On the pain of death...

In this short article, I discuss how Abu Sufyan became a Muslim.

Abu Sufyan was the active leader of Mecca. He used to lead commercial caravans to Syria and back. He actively resisted Muhammad’s raids and plundering of Meccan trade-caravans and aggression against the city of Mecca. Muhammad knew that Abu Sufya had to be eliminated or subdued in order for his dream of capturing Mecca and Ka’ba to materialize.

During the Battle of Badr, Muhammad and the early Muslims had a great luck in eliminating many Meccan leaders. The Quraysh leaders went to Badr only to teach Muhammad a lesson, so that he would refrain from attacking Meccan caravans, not to eliminate him and people. In doing so, they underestimated the evils of Muhammad’s intentions. Many of them fell to the swords of Muhammad’s followers.

A most prized one was a man of knowledge and wisdom, as he was called Abul-Hakam (father of wisdom). The Arabic origin of his name is “Hikma”, which literally means “Wisdom”. Muslims, however, do not know this name, as Muhammad mockingly gave him the name, Abu-Jahl (father of ignorance). Muhammad was no match for Abul-Hakam’s wisdom. He knew what Muhammad was all about. And Muhammad realized what a big obstacle Abul Hakam was to the advancement of his mission of assuming the leading role over Mecca. Therefore, Muhammad called him “Abu-Jahl” to discredit a man, who was most honored and praised by the Meccans for his wisdom. While Abul Hakam eliminated at Badr, Abu Sufyan – the other big obstacle of Muhammad – was not. He survived Badr, and also promised take revenge against Muhammad for massacring the Meccans a Badr. So, Muhammad had to get rid of him, if he could.

First, Muhammad experimented with an attempt to assassinate him, which, for him, had become a useful method for dealing with his perceived enemies. He had successes like killing old man Abu Afak, and poetess Asma Bint Marwan, a mother of five, etc. Many others were assassinated by Muhammad. Readers can find many articles in FFI (FaithFreedom) and IW (Islam Watch) by multiple authors on this topic.

Muhammad, just like the mafia of our days, utilized his henchmen to carry out assassinations of important people, who were an obstacle to him. Abu Sufyan’s name certainly topped the list of such people, as he stood out as Muhammad’s strongest opponent in his mission of taking over Mecca and the Ka’ba.

So, shouldn’t Muhammad try assassination, his tried-and-successful method of eliminating troublesome opponents, to get rid of Abu Sufyan?

Of course, he should! And, indeed, he did.

Muhammad did send some of his henchmen to assassinate Abu Sufyan. However, this mission was a failure. Let me quote about this assassination attempt from “The Sirat” (Ibn Ishaq, The Life of Muhammad, Oxford University Press, Karachi, p. 673):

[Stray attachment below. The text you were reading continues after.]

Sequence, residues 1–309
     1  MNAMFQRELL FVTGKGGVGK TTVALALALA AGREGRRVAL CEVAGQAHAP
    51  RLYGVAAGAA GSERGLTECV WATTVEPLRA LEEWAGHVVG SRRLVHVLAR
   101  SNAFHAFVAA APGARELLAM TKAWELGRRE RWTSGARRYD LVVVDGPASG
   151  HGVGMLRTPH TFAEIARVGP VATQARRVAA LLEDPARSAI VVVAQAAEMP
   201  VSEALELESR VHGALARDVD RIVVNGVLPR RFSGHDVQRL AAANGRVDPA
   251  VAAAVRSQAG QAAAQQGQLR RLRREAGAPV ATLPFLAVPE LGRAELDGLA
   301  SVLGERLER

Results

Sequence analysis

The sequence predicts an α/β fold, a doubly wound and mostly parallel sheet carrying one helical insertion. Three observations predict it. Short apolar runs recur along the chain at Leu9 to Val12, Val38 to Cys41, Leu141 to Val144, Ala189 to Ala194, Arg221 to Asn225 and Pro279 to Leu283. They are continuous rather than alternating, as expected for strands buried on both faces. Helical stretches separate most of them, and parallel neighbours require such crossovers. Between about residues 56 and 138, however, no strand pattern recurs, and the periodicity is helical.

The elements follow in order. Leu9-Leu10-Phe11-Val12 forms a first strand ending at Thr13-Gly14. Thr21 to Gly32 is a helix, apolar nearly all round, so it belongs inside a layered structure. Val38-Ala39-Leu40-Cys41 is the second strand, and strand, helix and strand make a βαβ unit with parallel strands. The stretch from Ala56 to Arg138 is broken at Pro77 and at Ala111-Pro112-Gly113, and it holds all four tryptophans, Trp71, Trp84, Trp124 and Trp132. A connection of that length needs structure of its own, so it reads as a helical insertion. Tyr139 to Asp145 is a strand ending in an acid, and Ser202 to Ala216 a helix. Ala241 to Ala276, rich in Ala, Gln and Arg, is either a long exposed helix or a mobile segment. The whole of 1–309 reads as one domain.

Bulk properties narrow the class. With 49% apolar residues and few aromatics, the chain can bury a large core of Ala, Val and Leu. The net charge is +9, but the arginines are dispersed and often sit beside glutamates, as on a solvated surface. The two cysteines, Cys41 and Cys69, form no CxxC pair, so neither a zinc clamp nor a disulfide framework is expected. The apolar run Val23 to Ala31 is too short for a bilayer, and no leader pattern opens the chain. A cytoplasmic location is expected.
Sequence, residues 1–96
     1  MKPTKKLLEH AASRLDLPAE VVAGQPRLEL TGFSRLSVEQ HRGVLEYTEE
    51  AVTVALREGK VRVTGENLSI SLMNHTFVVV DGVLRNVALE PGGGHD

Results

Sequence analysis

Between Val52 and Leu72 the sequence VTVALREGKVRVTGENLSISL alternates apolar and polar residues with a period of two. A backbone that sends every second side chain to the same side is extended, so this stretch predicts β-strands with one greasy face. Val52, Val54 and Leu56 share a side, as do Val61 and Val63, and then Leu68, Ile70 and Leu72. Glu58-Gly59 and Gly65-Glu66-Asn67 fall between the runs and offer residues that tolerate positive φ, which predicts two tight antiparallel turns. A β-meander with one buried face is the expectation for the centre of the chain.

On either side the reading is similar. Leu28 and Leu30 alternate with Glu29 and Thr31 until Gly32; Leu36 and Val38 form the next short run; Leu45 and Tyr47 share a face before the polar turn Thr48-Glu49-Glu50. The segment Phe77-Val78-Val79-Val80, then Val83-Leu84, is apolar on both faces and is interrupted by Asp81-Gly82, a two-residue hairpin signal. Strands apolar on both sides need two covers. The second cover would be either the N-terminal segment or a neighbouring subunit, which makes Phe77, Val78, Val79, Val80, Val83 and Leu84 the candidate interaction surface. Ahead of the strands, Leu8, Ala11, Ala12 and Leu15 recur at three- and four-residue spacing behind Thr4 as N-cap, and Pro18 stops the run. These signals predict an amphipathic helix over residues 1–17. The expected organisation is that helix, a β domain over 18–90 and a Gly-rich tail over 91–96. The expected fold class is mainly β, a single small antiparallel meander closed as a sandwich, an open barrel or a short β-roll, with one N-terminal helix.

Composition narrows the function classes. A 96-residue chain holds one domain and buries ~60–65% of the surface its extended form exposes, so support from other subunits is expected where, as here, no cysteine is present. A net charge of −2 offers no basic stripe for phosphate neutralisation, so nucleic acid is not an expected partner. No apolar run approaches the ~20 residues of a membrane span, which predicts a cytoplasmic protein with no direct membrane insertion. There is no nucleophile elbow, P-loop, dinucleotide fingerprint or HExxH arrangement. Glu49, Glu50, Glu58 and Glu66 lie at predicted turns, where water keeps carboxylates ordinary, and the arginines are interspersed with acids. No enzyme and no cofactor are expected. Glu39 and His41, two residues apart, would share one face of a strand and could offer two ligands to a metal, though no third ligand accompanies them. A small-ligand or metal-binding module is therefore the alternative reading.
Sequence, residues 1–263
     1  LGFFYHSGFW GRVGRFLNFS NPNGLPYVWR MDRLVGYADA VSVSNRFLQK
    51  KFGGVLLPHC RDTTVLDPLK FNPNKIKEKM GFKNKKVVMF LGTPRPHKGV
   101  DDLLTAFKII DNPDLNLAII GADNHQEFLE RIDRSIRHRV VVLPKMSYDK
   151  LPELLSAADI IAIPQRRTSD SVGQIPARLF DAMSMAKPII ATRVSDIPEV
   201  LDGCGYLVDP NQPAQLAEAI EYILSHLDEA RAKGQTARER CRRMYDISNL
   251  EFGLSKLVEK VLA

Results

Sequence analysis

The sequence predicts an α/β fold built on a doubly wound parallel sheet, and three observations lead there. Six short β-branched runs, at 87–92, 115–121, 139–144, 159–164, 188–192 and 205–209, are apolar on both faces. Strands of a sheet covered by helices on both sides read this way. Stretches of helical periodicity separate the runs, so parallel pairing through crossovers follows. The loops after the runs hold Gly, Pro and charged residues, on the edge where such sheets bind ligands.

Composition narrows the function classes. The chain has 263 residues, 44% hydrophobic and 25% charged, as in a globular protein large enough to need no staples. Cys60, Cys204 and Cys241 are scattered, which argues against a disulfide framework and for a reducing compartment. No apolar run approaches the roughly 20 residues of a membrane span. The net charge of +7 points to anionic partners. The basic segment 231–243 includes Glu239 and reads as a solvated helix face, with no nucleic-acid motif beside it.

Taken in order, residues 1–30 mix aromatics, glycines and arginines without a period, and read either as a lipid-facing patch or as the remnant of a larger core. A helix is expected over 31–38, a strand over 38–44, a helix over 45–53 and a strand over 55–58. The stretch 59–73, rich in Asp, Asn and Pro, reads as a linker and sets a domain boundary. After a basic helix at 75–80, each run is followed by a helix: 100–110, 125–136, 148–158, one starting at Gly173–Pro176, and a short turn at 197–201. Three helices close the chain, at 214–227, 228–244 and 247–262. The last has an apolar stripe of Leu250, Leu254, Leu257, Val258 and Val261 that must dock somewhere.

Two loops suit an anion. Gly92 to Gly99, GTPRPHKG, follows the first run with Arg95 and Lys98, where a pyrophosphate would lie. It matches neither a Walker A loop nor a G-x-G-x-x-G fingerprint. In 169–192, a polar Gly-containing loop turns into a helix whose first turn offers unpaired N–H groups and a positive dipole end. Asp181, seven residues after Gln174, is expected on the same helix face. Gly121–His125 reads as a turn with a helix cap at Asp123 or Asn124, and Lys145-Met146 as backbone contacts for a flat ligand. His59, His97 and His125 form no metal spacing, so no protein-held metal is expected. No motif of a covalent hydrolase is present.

After the killing of Khybayb and his companions, the apostle sent an Ansari with me telling us to go and kill Abu Sufyan, so we set out.

The two henchmen of Muhammad went to Mecca to assassinate Abu Sufyan. However, their plot to kill Abu Sufyan was uncovered, before they could carry out the mission. The attempt to kill Abu Sufyan was thus a failure.

Given Muhammad’s ruthlessness in shedding blood of his perceived enemies, he had to settle score and deal with Abu Sufyan, when he captured Mecca in 630. At that time, did Abu Sufyan have other choices if he wanted to stay alive? Hardly! Below are the circumstances under which Abu Sufyan had to embrace Islam:[i]

(When Muhammad’s army approached Mecca) The Quraysh leader Abu Sufyan, one of the Prophet’s fathers-in-law, learning of Muslims’ approach, quickly set off in the darkness of night to meet Muhammad for persuading him not to attack the city. On the way, Abu Sufyan met his brother Al-Abbas, who assured him protection and led him to Muhammad. Omar al-Khattab (later the second caliph) came upon them and seeing Abu Sufyan, he cried out: ‘‘Abu Sufyan, the enemy of God! Thanks be to God who has delivered you up without agreement or word.’’ He then rushed for his sword, adding: ‘‘Let me take off his head.’’ (Ibn Ishaq, p. 547)

Al-Abbas persuaded Omar against taking drastic action on the ground of his promise to protect Abu Sufyan, and brought him over to Muhammad. Muhammad asked al-Abbas to bring him back the next morning. When Abu Sufyan was brought back the next morning, the Prophet said, ‘‘Isn’t it time that you should recognize there is no God but Allah?’’ Abu Sufyan never believed that Muhammad was a prophet. When he hesitated, an angry Muhammad exclaimed, ‘‘Woe to you, Abu Sufyan! Isn’t it time that you recognized that I am the apostle of God?’’ To this, Abu Sufyan answered, ‘‘As to that I still have some doubt.’’ Seeing Abu Sufian’s life in immediate danger, al-Abbas quickly intervened, forcefully telling him, ‘‘Submit and testify that there is no God but Allah, and Muhammad is the apostle of God before you lose your head.’’ Abu Sufyan had no option but to comply.

[i] Khan, M A (2011) Islamic Jihad: A Legacy of Forced Conversion, Imperialism and Slavery, Felibri, p. 28

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